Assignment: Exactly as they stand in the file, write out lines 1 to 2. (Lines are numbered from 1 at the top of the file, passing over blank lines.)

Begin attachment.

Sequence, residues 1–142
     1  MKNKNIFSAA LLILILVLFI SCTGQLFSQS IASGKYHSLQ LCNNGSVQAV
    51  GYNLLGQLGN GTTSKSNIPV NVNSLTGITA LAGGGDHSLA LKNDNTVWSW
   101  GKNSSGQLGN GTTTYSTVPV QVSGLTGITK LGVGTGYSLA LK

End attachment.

Sequence, residues 1–142
     1  MKNKNIFSAA LLILILVLFI SCTGQLFSQS IASGKYHSLQ LCNNGSVQAV